Kenneth M. Ludmerer, MD, HS ’79
Kenneth M. Ludmerer, MD, professor of medicine and Mabel Dorn- Reeder Distinguished Professor of the History of Medicine, is honored with the distinguished service award for his critically acclaimed work in documenting the history of medical education in the United States and for his efforts to advocate for policy changes that improve medical education.
Ludmerer is internationally recognized for his trilogy of books on medical education — Learning to Heal: The Development of American Medical Education (1985); Time to Heal: American Medical Education from the Turn of the Century to the Era of Managed Care (1999); and Let Me Heal: Th e Opportunity to Preserve Excellence in American Medicine (2014). Called by the journal Science as “the conscience of medicine,” Ludmerer’s books were all nominated for Pulitzer Prizes, and he is considered the preeminent scholar on American medical education for the past 30+ years. His third book, the first account of the medical residency system in the United States, is now in its fourth printing and serves as a guidepost and call to action for how this country should preserve and enhance excellence in medical training and practice in an atmosphere of commercialized health care.
A meticulous researcher with a compelling and accessible writing style, Ludmerer is equally well known for his passion in teaching the next generation of critical thinkers and physicians. A master clinician and popular educator, he is a recipient of the William H. Welch Medal from the American Association of the History of Medicine and has been honored with the prestigious Abraham Flexner Award for distinguished service to medical education from the Association of American Medical Colleges. He has received the Distinguished Medical Alumnus Award from the Johns Hopkins University School of Medicine and been elected to the American Academy of Arts and Sciences. He is proud to have also received the Distinguished Service Teaching Award as Clinical Teacher of the Year from School of Medicine students in 2006 and 2007 and the Samuel L. Goldstein Leadership Award in Medical Student Education in 2001.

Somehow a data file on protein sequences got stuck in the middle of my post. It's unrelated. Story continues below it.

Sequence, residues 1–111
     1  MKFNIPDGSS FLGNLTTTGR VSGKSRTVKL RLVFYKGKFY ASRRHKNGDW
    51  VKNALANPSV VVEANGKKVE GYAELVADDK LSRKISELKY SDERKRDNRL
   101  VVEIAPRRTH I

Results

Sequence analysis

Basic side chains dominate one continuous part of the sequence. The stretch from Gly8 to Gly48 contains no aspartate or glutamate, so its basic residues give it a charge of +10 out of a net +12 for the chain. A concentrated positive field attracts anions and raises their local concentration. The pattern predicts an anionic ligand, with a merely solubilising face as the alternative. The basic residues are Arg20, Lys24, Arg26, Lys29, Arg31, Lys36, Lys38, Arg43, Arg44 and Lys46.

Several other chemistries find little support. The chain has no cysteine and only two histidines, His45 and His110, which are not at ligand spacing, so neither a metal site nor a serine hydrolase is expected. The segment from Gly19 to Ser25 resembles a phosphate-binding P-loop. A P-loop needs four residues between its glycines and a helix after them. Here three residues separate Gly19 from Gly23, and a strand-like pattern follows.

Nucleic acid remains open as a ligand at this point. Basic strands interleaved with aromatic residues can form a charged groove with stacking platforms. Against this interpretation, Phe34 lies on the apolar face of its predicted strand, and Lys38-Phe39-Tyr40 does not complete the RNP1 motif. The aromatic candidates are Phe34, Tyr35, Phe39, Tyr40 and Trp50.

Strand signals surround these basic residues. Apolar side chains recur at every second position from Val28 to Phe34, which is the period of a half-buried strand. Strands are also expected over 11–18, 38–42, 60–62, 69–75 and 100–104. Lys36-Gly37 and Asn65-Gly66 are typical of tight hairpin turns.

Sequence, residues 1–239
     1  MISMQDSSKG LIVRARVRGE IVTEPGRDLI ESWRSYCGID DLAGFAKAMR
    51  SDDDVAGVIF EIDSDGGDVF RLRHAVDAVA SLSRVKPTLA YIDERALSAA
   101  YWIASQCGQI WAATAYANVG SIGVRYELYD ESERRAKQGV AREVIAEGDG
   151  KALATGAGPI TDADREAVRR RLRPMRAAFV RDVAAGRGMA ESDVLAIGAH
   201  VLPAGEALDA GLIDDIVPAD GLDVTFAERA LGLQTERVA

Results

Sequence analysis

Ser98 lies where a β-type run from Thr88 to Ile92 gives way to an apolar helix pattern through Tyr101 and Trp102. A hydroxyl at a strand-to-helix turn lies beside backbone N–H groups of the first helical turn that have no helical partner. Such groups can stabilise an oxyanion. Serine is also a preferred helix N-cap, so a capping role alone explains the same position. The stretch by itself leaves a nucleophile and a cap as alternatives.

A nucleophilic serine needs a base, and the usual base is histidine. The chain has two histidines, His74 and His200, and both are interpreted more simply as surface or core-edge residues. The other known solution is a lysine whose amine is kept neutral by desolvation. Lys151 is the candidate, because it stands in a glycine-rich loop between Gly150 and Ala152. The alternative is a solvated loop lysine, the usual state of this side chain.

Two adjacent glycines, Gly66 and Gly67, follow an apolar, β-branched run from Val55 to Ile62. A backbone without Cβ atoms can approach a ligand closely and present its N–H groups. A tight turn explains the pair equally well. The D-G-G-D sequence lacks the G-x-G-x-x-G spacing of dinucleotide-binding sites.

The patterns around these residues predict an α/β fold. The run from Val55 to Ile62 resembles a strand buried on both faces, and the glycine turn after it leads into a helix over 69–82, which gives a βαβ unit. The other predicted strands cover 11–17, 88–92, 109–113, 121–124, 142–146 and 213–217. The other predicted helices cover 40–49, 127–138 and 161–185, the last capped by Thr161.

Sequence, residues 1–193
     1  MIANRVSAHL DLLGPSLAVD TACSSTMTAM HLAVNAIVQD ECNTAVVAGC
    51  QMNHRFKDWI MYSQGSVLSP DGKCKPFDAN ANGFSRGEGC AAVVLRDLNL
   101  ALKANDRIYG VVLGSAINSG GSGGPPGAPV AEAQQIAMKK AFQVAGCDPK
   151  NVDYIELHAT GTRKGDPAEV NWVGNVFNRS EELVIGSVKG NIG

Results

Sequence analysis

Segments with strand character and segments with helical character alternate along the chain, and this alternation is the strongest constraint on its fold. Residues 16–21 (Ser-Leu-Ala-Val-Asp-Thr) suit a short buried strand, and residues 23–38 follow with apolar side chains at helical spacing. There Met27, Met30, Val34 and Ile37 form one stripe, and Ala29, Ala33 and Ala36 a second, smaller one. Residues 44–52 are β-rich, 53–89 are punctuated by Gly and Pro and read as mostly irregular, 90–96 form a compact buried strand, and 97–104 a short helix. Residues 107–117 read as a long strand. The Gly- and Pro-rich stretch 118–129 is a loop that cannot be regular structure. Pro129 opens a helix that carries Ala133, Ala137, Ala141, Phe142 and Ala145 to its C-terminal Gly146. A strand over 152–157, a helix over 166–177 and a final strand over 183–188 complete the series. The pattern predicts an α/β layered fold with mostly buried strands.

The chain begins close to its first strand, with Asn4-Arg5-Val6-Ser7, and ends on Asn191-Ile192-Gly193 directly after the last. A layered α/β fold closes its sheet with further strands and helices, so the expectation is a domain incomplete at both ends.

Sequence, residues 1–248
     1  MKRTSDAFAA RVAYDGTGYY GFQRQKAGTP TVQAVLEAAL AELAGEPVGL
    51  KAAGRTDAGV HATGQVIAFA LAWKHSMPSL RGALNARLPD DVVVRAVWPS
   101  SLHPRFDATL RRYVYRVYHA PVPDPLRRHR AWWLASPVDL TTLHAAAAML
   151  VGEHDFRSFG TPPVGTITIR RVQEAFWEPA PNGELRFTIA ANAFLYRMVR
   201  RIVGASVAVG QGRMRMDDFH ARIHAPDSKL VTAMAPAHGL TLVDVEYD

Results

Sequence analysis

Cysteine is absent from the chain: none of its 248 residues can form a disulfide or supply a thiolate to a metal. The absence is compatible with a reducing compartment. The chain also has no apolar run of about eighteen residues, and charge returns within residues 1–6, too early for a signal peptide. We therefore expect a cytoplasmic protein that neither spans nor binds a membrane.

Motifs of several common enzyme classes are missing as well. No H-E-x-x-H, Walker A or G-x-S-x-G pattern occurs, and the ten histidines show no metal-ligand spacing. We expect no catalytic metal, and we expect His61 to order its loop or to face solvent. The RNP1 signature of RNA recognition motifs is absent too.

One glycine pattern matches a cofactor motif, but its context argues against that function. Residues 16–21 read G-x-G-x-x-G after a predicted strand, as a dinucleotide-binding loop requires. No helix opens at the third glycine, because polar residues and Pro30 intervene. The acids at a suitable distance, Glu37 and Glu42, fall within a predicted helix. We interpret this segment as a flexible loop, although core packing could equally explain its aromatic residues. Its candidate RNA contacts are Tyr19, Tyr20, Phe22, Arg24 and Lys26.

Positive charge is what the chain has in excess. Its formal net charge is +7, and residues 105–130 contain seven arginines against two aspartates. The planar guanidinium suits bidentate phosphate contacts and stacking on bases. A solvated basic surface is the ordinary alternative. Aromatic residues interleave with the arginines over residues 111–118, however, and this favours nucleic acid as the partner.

Ludmerer is consistently listed in Who’s Who in America and Who’s Who in the World as well as in Th e Best Doctors in America. For his contributions to medicine and for his advocacy efforts aimed at improving medical education across the United States, the Washington University Medical Center Alumni Association is proud to present its Distinguished Service Award to Dr. Ludmerer.